I have a number of games that come in large boxes that do not have sectioned compartments for individual pieces. Whenever I take them over to people's houses everything rattles around and gets mixed up, and the first thing I have to do is sort them out.

Does anyone have any recommendation on any cases you can use inside of game boxes to keep the pieces sorted? Obviously different games have somewhat different requirements, but I am looking for broad suggestions.

A few of my friends have suggested trays from tackle boxes might be a good solution, though most of the ones I have looked at do not have any sections large enough for decks of cards, which are a pretty common kind of game piece for many boardgames.

6 Answers 6


I use small plastic baggies for almost every game I buy. When I open a game, I expect to need a few snack sized, sandwich sized, and tiny hobby-sized baggies. These satisfy my needs for most games.

The exception is BattleLore for which I purchased a couple of small-parts boxes (intended for crafting, I think) from my local Hobby Lobby. They have worked out great. Here's a link to the same (or very similar) item on Amazon.

BGG has many storage solution suggestions, including individual tuckboxes customized on a per-game basis. For example, here's one for Agricola

  • 1
    Bah! Way to post the same answer, but better phrased, 30 seconds before me. GG
    – tryaria
    Commented Oct 19, 2010 at 22:16
  • 3
    Another suggestion for small compartmentalized boxes is a fishing tackle box.
    – Tycho
    Commented Oct 19, 2010 at 22:28
  • I had never seen tuckboxes before, they seem like a really nice idea. If you have used them, does normal paper actually hold up, or do you recommend heavier stock? Commented Oct 19, 2010 at 23:09
  • I have never used tuckboxes - I keep thinking I'll dedicate a weekend to tuckboxing my games, but I never do! And my craft-type skills leave a lot to be desired in any case. But everything I've read says you are better off with a stiff cardstock.
    – gomad
    Commented Oct 19, 2010 at 23:38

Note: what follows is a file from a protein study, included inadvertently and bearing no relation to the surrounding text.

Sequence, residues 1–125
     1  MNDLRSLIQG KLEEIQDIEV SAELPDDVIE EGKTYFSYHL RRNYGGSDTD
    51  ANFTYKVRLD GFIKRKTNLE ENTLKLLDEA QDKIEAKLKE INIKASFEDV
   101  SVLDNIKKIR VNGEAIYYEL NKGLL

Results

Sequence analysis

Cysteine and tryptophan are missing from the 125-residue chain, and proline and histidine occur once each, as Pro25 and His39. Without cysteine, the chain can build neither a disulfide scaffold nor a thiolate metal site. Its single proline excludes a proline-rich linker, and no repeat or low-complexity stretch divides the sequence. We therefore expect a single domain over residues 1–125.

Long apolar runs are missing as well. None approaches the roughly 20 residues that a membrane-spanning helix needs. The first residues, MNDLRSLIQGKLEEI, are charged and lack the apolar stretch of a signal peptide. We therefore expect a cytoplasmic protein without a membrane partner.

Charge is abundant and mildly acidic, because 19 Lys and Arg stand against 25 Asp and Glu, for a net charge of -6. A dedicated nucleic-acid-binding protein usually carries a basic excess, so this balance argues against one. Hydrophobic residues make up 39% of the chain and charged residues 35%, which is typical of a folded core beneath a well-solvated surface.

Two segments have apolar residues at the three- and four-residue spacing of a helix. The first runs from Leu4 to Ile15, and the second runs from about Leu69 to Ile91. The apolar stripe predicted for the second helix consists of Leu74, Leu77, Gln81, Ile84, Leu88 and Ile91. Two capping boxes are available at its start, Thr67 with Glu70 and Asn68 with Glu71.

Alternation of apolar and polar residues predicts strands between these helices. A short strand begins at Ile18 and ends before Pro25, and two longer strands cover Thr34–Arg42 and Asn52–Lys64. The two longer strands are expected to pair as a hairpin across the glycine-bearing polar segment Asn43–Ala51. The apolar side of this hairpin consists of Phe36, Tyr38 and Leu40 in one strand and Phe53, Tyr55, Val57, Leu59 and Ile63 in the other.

• For some games (in particular Agricola) the small plastic bag approach takes up too much space as they tend to stay inflated when you close them. I have found that small-parts boxes work much better in this case.
    – tttppp
    Commented Oct 20, 2010 at 11:24

A zip-lock bag can work amazingly well for most situations.

  • Agreed. I find the snack-sized bags to be the most versatile. Commented Oct 20, 2010 at 0:01
  • You can get large quantities of the typical small plastic bags for quite cheap: Amazon: small ziploc bags
    – Brad Koch
    Commented Feb 16, 2015 at 20:35

It depends on the game.

For some games, I use boxes with small spaces to store the contents. For other games, I made some paper internal to divide the open box into several compartments.


Plastic Battery Cases

For games with lots of little cardboard counters, like Arkham Horror, I bought a bunch of AAA- and AA-battery cases from e-bay. They ship world-wide for about 1-2 USD, and can easily store a lot of counters.

My favorite thing about them is that they also act as trays, so players can take their components for themselves.

This helped a lot with reducing setup time for Arkham Horror. Instead of one person (me) handing out lots of tiny tokens, I just toss the cases on the table and tell everyone to take what they need, while I'm doing the rest of the setup.


I use compartment boxes which are mostly used for organizing small hobby materials. They come with 5 to 25 compartments and are usually very effective for lots of small pieces.

There are also boxes where you can remove some spacers or move the spacers to make your own sizes of compartments.



From a comment (and from my personal experience with "Arkham Horror"...)

Fishing tackle boxes.

You must log in to answer this question.

Not the answer you're looking for? Browse other questions tagged .